A conventional image forming for young adults under age 35, known as Gen Y or the millennials, is that they are up to their ears in student debt; either unemployed or working at unpaid internships or part-time jobs that don't use their expensive college degrees; living in their parents' basements, delaying both marriage and buying their first homes; and generally besieged on all sides by the tough economic hand they've been dealt. However, there is one subset of this group more likely to rise above this bleak portrait: those living in households making more than $100,000 a year in annual income.
The affluent Gen Yers are the future consumers of luxury goods and services, and they differ in important ways from their baby boomer and Gen X parents, who experienced very different economic cues during their formative years. During the boom times of the early years of the past decade, luxury marketers targeted "mass affluents," those aspirational luxury consumers who were feeling flush thanks to the rising value of their biggest asset -- their homes -- and who didn't mind using credit cards to purchase the signifiers of a wealthy life. Luxury marketers rolled out more accessible offerings in order to reach this wider market. But after the housing bubble burst, mass affluent consumers reverted to the middle class, and are now behaving and spending in a way that reflects that reality.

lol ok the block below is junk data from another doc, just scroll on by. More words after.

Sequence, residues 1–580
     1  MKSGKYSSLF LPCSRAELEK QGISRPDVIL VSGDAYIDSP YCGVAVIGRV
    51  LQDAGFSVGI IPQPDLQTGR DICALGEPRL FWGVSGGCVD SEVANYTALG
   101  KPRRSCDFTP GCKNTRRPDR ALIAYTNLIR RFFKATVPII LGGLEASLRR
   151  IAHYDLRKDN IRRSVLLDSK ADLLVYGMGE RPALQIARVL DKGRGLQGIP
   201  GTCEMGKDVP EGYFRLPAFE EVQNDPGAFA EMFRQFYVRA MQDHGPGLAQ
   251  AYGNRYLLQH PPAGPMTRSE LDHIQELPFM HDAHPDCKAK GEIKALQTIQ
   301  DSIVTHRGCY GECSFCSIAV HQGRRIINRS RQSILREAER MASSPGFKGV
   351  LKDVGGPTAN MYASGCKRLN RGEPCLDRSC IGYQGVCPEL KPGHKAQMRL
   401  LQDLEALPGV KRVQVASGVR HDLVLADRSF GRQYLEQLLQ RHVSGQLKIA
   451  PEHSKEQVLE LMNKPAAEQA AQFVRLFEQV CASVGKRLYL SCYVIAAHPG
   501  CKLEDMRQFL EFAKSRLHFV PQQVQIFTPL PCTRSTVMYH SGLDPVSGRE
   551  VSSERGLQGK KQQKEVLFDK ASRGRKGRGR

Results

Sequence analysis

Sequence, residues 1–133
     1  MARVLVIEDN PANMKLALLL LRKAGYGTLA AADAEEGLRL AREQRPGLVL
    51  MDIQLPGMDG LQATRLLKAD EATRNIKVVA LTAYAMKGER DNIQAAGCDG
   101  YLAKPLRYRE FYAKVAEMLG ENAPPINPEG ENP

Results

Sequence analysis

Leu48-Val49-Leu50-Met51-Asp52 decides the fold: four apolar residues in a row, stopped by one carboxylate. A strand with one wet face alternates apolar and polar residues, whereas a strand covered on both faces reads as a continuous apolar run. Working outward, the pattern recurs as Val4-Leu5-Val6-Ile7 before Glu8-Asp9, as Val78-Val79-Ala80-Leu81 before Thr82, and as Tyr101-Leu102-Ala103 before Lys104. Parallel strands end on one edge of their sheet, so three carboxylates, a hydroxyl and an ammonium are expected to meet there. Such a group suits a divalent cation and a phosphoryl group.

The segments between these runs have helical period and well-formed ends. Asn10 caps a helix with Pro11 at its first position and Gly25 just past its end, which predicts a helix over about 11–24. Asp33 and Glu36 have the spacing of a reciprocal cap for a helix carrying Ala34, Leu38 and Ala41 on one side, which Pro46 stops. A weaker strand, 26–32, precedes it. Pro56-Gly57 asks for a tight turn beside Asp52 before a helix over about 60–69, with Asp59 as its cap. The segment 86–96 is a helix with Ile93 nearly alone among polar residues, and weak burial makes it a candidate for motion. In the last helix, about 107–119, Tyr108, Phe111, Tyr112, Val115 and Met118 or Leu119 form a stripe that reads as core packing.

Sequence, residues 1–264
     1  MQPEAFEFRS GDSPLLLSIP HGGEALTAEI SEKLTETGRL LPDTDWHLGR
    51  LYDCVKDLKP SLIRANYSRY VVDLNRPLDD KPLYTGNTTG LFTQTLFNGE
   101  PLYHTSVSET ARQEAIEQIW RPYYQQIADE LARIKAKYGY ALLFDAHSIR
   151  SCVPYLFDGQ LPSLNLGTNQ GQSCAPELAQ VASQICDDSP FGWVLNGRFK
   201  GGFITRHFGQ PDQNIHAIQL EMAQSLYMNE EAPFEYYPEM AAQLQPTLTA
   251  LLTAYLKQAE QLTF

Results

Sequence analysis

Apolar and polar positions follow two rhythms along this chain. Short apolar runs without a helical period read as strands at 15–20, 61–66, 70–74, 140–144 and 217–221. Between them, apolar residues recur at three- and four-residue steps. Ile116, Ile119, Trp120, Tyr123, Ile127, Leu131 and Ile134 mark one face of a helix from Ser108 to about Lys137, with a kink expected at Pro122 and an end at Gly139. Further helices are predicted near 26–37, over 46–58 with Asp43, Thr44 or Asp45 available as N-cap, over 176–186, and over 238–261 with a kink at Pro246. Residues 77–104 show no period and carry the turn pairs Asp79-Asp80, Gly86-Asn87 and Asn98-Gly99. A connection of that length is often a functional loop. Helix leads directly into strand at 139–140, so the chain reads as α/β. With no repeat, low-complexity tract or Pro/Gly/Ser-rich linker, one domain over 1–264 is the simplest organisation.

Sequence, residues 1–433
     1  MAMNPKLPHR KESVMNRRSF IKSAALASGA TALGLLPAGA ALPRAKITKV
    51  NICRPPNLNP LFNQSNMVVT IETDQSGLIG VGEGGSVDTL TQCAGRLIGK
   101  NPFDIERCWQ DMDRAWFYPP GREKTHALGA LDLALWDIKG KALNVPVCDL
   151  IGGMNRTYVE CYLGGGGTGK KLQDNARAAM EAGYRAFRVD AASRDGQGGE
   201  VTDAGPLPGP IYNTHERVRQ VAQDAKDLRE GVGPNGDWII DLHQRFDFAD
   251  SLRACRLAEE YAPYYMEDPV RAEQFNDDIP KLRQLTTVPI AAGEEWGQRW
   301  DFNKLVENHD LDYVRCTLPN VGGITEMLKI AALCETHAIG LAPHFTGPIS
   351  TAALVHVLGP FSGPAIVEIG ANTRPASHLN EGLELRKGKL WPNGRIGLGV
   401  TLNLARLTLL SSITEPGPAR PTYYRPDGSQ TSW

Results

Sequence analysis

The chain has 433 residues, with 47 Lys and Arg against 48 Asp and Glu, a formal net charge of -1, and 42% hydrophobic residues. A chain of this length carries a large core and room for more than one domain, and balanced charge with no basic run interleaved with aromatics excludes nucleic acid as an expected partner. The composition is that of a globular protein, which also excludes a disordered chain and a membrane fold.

While mass affluent consumers -- those with $100,000 or more in annual household income -- were participating significantly in luxury markets in 2005, the disappearance of aspirational luxury consumers means that today's luxury marketers increasingly have to refine their target upward, toward those with $200,000 in household income, or even more.
Ad agency Digitas investigated these Gen Y consumers and their approach to luxury. Building on Digitas' 2011 report, Affluence in America, which looked at all wealthy households, this new report synthesizes data and information from a variety of sources to examine the next generation of luxury consumers. Those sources include the U.S. Census Bureau, the Mendelsohn Affluent Survey, media coverage and interviews with marketers.
The affluent segment of Generation Y, those ages 18 to 34, has the largest current and potential spending for luxury items. Gen Y's spending power is almost $200 billion a year, according to marketing research firm Kelton Research.
"Gen Y is starting to enter the wealth-accumulation phase, and companies that are struggling should look ahead," said Jason Dorsey, chief strategy officer of the Center for Generational Kinetics, a research and consulting firm. "Based on our and other research, by 2017, Gen Y could outspend boomers. As boomers move on, they'll be spending less, but Gen Y is just getting started."
Why should marketers pay attention to the millennials now? They represent the biggest group of consumers to come along since the baby-boom generation, and at 71 million, account for 37% of adult consumers. In the next decade, this group will move through their 20s and early 30s, prime years for establishing households, building careers and starting families. Those living in households with income above $100,000 number 16.6 million already, a sizable target that will likely gain members as its members mature.